Pose estimation is a popular task in Computer Vision. As a field of artificial intelligence (AI), computer vision enables machines to perform image processing tasks with the aim of imitating human vision.
This article provides an easy-to-read guide about the latest pose estimation methods in AI vision.
What is pose estimation?
Human pose estimation and tracking is a computer vision task that includes detecting, associating, and tracking semantic key points. Examples of semantic keypoints are “right shoulders,” “left knees,” or the “left brake lights of vehicles.”
The performance of semantic keypoint tracking in live video footage requires high computational resources what has been limiting the accuracy of pose estimation. With the latest advances, new applications with real-time requirements become possible, such as self-driving cars and last-mile delivery robots.
Today, the most powerful image processing models are based on convolutional neural networks (CNNs). Hence, state-of-the-art methods are typically based on designing the CNN architecture tailored particularly for human pose inference.
Bottom-up vs. Top-down methods
All approaches for pose estimation can be grouped into bottom-up and top-down methods.
- Bottom-up methods estimate each body joint first and then group them to form a unique pose. Bottom-up methods were pioneered with DeepCut (a method we will cover later in more detail).
- Top-down methods run a person detector first and estimate body joints within the detected bounding boxes.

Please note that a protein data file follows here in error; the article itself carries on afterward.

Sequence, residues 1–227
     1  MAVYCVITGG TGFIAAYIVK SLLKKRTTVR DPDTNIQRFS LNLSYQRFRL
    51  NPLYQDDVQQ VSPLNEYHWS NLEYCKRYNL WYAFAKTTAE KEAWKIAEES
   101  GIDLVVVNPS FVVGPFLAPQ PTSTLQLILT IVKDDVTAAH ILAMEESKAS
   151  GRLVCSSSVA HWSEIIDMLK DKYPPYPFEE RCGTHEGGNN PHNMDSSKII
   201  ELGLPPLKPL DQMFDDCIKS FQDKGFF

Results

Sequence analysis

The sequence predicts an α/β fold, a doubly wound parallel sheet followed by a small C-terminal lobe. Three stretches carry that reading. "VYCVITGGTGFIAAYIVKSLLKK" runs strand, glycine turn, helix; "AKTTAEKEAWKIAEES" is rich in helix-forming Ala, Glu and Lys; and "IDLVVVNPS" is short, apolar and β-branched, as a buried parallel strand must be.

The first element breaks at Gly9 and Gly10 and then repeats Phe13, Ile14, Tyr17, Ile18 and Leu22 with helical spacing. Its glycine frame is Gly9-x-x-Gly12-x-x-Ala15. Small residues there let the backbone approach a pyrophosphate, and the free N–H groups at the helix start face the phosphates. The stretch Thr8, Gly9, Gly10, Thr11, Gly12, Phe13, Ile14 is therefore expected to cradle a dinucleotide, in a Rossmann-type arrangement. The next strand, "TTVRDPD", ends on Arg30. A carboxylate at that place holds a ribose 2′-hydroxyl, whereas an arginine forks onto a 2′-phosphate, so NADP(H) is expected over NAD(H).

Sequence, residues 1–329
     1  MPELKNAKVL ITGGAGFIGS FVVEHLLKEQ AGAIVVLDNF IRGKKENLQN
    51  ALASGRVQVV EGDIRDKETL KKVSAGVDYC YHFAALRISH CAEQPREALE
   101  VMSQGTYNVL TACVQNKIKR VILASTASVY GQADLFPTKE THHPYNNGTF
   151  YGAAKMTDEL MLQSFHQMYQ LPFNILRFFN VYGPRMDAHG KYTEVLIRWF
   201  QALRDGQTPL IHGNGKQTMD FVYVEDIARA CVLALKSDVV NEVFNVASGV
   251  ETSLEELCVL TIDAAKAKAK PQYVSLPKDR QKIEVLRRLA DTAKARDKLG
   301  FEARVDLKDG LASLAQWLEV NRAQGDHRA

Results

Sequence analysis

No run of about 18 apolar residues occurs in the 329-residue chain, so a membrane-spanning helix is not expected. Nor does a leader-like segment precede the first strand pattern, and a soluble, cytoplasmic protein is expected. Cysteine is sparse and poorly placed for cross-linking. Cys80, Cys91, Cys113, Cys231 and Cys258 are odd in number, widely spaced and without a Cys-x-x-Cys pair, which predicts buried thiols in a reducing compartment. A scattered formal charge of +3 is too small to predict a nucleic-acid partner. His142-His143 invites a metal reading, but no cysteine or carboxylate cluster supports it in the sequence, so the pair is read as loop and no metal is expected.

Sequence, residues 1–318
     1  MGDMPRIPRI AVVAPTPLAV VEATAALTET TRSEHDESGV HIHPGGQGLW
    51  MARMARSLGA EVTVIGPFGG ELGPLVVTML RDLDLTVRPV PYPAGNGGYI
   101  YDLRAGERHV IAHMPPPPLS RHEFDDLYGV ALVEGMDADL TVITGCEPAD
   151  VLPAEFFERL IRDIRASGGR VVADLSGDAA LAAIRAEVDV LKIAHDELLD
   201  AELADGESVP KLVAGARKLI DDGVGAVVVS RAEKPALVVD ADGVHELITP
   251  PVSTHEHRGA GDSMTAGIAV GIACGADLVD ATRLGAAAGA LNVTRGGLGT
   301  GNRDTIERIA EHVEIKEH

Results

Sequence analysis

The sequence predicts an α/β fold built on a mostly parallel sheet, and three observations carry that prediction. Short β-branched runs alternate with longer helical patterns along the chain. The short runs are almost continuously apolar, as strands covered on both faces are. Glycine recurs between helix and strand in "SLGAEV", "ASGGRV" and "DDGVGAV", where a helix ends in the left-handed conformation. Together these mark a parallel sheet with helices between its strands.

The importance of Pose Estimation
In traditional object detection, people are only perceived as a bounding box (a square). By performing pose detection and pose tracking, computers can develop an understanding of human body language. However, conventional pose tracking methods are neither fast enough nor robust enough to occlusions to be viable.
High-performing real-time pose detection and tracking will drive some of the biggest trends in computer vision. For example, tracking the human pose in real-time will enable computers to develop a finer-grained and more natural understanding of human behavior.
This will have a big impact on various fields, for example, in autonomous driving. Today, the majority of self-driving car accidents are caused by “robotic” driving, where the self-driving vehicle conducts an allowed but unexpected stop, and a human driver crashes into the self-driving car. With real-time human pose detection and tracking, the computers are able to understand and predict pedestrian behavior much better – allowing more natural driving.
What is Human Pose Estimation?
Human pose estimation aims at predicting the poses of human body parts and joints in images or videos. Since pose motions are often driven by some specific human actions, knowing the body pose of a human is critical for action recognition.
What is 2D Human Pose Estimation?
2D human pose estimation is used to estimate the 2D position or spatial location of human body keypoints from visuals such as images and videos. Traditional 2D human pose estimation methods use different hand-crafted feature extraction techniques for the individual body parts.
Early computer vision works described the human body as a stick figure to obtain global pose structures. However, modern deep learning based approaches have achieved major breakthroughs by improving the performance significantly for both single-person and multi-person pose estimation. Some popular 2D human pose estimation methods include OpenPose, CPN, AlphaPose, and HRNet (we will cover them and others later in this article).
What is 3D Human Pose Estimation?